Ok so here goes with my first app challenge. I’ve been learning Swift code (both SwiftUI and UIKit) for about 2 months now and feel like this would be a good time to take on a challenge. I may not have all the skills yet to produce a working app in time for the challenge deadline, but surely that’s part of the fun…right? Anyways I think the best place to start is with the data and API’s so here goes.
I guess the best place to start is with the recommended data source, SportsData.io. So after signing up for a free trial, I’ve started to look over the API documentation. Wow there is a lot in there, but as a developer in other languages, I certainly appreciate the need not only for documentation, but for GOOD documentation that is clear, precise, and well organised.
After opening up a few API call points, it’s getting a bit confusing without seeing the data in a logical format. Time to open up a JSON parser. I’ve gone for one recommended by Chris himself in the YouTube app build, JSONLint. That’s much better and makes so much more sense to understand what data is available.
My first thoughts are that this is going to take a few different API calls to get different data depending on the screen. It also looks like the ‘Data Dictionary’ is going to become a best friend. I can see why this is a recommended data source, but I think I would be foolish not to look at other sources. To Google it is…
So the first API website I click on is RapidAPI. It seems pretty good and looks like it gives some definition as to the end-points available, but nowhere near that of SportsData.io. Also it only allows up-to 25 API calls per day for free until they begin to charge. Although I don’t particularly plan on accessing the API’s and data all that much, I think at this stage it would be wise to stay away from any payment plans.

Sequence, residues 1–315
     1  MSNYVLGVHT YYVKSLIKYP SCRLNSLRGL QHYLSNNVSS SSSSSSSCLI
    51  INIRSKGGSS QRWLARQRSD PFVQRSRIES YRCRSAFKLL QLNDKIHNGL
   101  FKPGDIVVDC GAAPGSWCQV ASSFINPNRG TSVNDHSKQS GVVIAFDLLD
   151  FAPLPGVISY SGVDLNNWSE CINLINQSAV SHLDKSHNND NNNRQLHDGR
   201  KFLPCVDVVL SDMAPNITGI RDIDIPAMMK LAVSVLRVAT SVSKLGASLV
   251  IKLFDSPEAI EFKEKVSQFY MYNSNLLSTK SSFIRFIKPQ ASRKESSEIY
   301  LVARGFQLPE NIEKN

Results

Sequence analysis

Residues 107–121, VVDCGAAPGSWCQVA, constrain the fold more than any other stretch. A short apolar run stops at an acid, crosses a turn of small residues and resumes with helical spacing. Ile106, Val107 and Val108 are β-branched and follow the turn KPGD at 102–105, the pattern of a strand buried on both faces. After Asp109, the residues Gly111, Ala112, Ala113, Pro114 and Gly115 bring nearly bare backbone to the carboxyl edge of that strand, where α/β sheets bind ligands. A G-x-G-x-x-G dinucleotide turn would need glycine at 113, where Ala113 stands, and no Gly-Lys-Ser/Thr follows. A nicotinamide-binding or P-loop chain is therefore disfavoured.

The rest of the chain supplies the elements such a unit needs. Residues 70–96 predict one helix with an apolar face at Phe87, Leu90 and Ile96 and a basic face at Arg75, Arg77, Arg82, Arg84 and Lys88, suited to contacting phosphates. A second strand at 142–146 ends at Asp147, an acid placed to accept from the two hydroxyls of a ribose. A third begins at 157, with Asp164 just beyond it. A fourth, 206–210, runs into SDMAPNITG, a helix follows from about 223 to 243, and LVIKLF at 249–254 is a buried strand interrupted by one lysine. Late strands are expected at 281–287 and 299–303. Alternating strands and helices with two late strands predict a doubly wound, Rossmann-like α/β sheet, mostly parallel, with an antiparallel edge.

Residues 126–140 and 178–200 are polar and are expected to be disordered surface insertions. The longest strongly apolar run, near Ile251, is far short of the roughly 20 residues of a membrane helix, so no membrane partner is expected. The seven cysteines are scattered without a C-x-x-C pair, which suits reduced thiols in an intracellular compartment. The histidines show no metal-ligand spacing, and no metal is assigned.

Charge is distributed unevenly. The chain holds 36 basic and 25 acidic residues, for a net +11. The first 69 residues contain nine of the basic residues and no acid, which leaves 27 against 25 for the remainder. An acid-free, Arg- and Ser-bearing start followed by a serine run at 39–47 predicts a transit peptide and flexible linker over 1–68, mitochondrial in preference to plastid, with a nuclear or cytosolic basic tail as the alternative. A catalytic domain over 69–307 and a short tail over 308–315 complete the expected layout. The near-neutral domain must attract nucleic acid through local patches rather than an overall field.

The next site I check is NBASense.com. This one says it is a documentation site for connecting directly into the NBA’s own API’s, sounds promising. On further inspection, it recommends using PHP 7.0 to connect to the API’s, however it does state that the data gets returned in JSON format so I think this could work. I started to look through some of the examples of the API’s available, but none of them seem to work and return any data, they just hang in the browser.
I think I’m going to stick with the original recommended data source. It seems to be the most comprehensive data, is completely free to use (as long as you don’t mind scrambled score data), and has a good level of documentation. I think the next thing is to start building the API calls in Swift.
I start by making a Constants file to hold onto the API Key as well as other crucial data that I’ll need to refer back to later when calling on the data. For now, I’ve left a static date in my API URL, but have left a mark to update this to a variable date later in development.
I then set up a ‘Game’ structure so that I can create objects based on each game contained in the API call. This is my first time parsing JSON in SwiftUI but have taken the lead from the YouTube One Day Build app that I previously built. I think I have everything set up correctly (I don’t have any Xcode errors at the moment) so I think the next step is to set up a model which I can then use to test the API call is working successfully, but that will have to wait until tomorrow now.